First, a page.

by Paige Terryberry
Senior Analyst for Fiscal Policy, John Locke Foundation
Ten years ago, in July of 2013, the Republican-led General Assembly enacted historic tax reforms. Perhaps most notably, lawmakers overhauled the state’s personal income tax, moving from a progressive multi-tiered structure to a flat, simple rate.
At the time, this simplification was groundbreaking. North Carolina was only the third state to move from a progressive to a flat rate. Today, eleven states have a flat income tax.
Before reforms, the state had three rates, ranging from 6.0 to 7.75%. The General Assembly moved the personal income rate to a flat rate of 5.75%. Everyone received a tax rate cut.
Moreover, the standard deduction more than doubled with reforms. A larger standard deduction benefits low-income families, exempting more from a state tax liability altogether.
In 2013, the General Assembly moved the standard deduction from $3,000 to $7,500 for single filers and from $6,000 to $15,000 for married filing jointly. Further reforms have additionally expanded the standard deduction to $12,750 for single filers and $25,500 for married filing jointly. Since 2013, the standard deduction has increased by 325%.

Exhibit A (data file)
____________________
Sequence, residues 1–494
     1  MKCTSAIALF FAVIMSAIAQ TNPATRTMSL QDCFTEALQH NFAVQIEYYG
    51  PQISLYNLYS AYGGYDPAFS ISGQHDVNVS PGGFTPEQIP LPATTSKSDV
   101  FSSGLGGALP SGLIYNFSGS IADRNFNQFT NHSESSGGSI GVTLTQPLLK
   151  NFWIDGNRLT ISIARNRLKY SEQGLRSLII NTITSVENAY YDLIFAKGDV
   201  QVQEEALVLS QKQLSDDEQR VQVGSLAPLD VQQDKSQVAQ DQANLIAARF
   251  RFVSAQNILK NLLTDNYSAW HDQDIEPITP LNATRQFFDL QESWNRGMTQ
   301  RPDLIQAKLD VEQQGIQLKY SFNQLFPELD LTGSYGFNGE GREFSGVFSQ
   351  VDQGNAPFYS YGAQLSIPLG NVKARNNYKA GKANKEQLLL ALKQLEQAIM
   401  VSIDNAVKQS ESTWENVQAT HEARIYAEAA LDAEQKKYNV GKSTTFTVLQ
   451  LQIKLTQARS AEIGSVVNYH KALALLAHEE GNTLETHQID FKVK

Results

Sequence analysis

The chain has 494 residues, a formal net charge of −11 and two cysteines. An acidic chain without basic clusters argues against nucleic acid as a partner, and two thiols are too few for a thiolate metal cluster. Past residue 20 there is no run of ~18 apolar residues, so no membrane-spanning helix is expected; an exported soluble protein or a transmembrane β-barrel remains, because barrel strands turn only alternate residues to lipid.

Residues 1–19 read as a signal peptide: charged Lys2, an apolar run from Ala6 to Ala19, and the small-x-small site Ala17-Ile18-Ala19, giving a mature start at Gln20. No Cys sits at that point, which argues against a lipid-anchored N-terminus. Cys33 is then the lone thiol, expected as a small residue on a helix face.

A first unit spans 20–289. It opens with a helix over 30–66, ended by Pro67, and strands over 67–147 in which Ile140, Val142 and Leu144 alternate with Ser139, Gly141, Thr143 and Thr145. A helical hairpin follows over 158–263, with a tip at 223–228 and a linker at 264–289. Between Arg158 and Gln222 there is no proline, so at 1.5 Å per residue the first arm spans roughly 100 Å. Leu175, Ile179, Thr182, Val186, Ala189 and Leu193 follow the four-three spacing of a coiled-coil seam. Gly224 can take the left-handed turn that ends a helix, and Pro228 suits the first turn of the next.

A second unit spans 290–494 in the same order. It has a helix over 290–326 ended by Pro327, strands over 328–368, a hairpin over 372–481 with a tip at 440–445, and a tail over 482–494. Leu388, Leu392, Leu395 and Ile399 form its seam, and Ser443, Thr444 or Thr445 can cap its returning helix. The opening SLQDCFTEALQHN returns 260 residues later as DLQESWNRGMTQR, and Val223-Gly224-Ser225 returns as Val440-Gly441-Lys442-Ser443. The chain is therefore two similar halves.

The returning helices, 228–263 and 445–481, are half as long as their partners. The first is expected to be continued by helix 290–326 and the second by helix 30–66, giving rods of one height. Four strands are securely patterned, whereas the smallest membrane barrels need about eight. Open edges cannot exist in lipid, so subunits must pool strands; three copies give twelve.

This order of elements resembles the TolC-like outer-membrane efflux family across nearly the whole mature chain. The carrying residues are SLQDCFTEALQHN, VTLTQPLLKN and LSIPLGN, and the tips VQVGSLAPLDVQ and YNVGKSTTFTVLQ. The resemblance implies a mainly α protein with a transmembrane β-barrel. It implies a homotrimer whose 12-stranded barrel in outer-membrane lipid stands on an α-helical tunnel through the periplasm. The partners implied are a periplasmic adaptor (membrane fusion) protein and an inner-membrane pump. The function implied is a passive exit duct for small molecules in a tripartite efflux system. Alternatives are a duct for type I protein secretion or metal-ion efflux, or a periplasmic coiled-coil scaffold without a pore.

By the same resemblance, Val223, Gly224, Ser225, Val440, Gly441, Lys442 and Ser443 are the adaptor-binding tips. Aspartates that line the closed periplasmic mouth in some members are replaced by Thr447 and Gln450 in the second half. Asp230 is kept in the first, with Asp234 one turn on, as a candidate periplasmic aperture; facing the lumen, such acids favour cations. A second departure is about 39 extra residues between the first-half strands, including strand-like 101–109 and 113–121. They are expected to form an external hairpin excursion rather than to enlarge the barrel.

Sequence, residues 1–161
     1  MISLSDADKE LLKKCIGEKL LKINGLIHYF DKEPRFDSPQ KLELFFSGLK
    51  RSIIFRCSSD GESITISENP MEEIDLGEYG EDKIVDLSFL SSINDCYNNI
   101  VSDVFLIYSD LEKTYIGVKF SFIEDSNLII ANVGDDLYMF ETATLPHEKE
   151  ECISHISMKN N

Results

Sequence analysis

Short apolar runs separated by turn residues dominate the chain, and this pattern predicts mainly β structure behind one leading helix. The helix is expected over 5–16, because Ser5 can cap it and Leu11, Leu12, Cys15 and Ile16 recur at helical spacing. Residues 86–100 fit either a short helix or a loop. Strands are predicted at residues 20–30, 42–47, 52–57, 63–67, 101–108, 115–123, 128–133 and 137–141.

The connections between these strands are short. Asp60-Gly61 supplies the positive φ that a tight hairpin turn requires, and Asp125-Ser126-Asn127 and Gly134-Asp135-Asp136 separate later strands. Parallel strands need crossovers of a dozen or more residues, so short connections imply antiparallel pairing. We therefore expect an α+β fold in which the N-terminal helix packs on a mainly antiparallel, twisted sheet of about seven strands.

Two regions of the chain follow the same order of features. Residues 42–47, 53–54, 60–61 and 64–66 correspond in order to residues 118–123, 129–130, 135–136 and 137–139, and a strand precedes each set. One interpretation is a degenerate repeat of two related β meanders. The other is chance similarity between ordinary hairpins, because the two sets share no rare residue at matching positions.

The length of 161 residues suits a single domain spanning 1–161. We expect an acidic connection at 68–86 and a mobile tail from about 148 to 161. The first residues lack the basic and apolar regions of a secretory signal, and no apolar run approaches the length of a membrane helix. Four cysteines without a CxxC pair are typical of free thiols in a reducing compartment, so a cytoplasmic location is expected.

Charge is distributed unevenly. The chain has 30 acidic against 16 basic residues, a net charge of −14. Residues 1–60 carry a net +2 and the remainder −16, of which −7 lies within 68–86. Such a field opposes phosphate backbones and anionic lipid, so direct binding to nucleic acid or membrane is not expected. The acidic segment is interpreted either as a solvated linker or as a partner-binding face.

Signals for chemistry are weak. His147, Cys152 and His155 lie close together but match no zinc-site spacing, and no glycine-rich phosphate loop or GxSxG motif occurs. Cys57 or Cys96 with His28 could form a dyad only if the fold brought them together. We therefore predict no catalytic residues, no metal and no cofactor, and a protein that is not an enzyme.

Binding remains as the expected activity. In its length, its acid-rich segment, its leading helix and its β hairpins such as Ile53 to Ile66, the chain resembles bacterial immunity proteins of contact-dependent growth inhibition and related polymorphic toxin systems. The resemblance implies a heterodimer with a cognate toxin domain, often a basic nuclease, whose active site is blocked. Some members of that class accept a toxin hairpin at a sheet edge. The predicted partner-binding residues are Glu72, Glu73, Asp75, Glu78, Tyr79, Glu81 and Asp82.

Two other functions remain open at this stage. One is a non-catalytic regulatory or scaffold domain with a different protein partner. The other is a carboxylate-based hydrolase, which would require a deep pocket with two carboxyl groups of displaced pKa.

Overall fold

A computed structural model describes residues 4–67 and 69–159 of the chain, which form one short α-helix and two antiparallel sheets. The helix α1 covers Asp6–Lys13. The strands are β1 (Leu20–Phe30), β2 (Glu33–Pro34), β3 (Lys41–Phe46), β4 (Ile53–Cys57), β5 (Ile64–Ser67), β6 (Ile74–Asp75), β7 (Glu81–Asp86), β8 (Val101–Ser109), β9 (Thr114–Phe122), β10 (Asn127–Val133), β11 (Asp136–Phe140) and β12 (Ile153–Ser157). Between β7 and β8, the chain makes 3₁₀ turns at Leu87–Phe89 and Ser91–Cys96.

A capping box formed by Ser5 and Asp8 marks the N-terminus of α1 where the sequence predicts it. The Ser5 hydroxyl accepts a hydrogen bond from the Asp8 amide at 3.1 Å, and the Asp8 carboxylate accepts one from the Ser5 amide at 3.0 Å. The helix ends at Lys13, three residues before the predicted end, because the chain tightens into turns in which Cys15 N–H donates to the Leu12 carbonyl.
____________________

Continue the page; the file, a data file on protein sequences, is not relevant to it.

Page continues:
The personal income tax made up 56% of state General Fund tax fund revenue in FY 2013. Now, even with the cuts, the personal income tax makes up 54% of revenue.
With bold tax reforms, North Carolinians have more disposable income. This is important because money belongs to the individual who earns it. Aside from paying the taxes to fund core functions of government, your money belongs in your pocket.
In a limited government, tax burdens should be low. When government spending increases, taxpayer burdens necessarily increase. Thanks to fiscal restraint, the conservative General Assembly in 2013 made dramatic reforms to lower the taxpayer burden. In the last decade, they have built on those reforms, further incentivizing work and allowing you to keep more of your hard-earned money.